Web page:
Wearing pink saris and armed with notebooks filled with rural vaccination records, a group of women gathered for a review meeting on Tuesday at the recently inaugurated Rui Dharud Public Health Centre on the outskirts of Rui village in Maharashtra’s Beed.
The women are accredited social health activists, or ASHAs, the footsoldiers of the country’s rural health mission and now its pandemic response. Since the vaccination programme began in January, they have been visiting every house in their assigned villages to spread the word. Over 70,000 ASHAs in Maharashtra are also tasked with registering rural communities for vaccination.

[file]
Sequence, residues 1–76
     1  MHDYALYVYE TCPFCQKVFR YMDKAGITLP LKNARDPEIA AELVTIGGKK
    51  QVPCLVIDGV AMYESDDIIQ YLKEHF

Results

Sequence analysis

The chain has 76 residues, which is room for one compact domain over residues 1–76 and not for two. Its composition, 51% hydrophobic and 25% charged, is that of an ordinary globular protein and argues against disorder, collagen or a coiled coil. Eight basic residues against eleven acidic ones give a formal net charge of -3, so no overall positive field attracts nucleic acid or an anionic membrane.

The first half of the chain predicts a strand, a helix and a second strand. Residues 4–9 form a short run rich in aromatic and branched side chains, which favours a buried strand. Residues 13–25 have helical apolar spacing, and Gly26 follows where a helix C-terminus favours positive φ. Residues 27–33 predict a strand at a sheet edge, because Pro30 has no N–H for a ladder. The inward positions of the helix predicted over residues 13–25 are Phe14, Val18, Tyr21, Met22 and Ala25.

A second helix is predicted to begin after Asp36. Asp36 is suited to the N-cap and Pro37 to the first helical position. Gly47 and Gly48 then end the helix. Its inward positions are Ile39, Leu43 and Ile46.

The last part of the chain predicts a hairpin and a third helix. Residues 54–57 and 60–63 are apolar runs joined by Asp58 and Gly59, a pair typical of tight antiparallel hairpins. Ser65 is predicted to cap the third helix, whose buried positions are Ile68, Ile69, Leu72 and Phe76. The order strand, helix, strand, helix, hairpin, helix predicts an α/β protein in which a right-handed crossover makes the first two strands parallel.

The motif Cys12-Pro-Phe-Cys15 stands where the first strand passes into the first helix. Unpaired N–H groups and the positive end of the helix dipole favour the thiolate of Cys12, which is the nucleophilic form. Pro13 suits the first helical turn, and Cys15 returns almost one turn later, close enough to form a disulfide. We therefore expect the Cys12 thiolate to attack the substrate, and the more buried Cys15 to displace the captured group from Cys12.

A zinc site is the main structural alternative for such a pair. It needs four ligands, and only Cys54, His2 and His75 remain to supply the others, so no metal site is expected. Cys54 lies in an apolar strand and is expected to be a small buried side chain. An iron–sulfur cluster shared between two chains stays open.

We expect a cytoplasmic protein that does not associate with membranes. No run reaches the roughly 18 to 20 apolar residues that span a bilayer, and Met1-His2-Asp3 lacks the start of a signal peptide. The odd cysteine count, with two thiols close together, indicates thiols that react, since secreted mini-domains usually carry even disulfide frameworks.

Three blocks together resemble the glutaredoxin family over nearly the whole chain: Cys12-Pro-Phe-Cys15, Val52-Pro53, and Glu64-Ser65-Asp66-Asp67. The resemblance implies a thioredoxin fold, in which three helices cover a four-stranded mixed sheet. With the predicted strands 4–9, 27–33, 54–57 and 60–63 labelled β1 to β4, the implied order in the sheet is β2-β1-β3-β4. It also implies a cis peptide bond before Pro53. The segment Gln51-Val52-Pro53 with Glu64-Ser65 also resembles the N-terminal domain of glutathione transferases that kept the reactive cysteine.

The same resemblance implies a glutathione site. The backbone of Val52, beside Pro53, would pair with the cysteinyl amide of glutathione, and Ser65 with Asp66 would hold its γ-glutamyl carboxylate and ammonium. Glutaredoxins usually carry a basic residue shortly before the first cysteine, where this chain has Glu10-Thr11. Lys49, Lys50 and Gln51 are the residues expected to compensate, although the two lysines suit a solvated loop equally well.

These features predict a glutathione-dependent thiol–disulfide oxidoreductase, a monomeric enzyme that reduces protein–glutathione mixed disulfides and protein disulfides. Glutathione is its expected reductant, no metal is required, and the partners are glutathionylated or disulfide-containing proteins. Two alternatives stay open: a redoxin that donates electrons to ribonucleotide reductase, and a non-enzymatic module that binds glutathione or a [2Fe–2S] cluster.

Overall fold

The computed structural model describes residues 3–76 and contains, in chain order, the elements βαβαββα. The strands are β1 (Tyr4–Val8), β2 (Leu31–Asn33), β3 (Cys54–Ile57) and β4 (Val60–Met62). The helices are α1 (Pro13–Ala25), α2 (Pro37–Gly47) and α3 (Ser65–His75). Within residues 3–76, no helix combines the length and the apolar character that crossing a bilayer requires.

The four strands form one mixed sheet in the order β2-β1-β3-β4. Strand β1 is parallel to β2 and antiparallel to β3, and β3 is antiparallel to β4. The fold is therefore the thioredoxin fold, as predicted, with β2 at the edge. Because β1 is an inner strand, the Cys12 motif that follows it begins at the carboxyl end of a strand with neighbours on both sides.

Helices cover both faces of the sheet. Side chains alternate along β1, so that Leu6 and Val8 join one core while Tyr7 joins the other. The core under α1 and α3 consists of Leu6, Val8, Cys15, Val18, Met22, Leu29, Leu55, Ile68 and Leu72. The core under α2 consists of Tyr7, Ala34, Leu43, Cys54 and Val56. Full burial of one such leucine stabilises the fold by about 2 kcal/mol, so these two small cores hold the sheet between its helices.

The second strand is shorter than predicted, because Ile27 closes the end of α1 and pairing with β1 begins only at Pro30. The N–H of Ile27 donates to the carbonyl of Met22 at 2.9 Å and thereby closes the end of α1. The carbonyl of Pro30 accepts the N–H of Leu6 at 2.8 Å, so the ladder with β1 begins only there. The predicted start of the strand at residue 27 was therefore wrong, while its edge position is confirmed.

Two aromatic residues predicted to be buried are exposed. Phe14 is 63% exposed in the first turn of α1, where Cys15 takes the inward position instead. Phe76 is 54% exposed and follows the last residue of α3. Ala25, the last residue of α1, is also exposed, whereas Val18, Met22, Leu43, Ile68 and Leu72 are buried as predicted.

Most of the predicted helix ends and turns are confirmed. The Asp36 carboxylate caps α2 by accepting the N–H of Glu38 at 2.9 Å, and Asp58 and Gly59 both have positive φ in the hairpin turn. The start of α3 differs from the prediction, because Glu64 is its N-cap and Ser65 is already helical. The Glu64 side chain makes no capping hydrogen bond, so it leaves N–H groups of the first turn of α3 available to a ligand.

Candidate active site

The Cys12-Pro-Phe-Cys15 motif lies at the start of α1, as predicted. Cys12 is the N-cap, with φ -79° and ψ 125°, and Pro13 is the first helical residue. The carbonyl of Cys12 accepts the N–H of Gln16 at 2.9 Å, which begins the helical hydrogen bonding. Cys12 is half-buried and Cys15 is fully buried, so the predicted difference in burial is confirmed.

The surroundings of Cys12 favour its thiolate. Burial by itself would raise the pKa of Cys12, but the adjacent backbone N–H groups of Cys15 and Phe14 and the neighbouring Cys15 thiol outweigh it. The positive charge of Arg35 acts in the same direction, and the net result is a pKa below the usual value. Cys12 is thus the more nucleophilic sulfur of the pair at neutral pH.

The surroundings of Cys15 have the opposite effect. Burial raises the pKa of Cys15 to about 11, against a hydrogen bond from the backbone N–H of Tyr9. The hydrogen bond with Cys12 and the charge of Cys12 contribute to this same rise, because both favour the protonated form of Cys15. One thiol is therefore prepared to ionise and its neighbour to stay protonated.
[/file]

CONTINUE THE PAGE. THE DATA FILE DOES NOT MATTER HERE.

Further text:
At the meeting, 35 ASHAs and eight of their supervisors discussed a common problem: how can they meet their vaccination targets set by health authorities when vaccine hesitancy still runs deep?
“People have read WhatsApp forwards about someone dying after getting vaccinated,” said Ashwini Mhaske, an ASHA supervisor from Dhraud Rural block, which has over 2,500 people in the age group above 45. “This makes them think they will die too.” So far, she said, her team of ASHAs has managed to convince 550 people to get vaccinated.
Another hurdle is an set up in Beed district, which ASHAs are required to use to register a minimum of 10 people a day. Though it was set up to “ease” the vaccination process, many of the ASHAs themselves don’t have smartphones, so accessing the portal is a challenge.
ASHAs across villages in Beed also said they do not receive protective equipment like masks, gloves or PPE kits on a regular basis. Instead, they’re forced to spend their own money from their meagre monthly honorariums, even as the pandemic induced lockdown has left some of them as the sole earners in their families.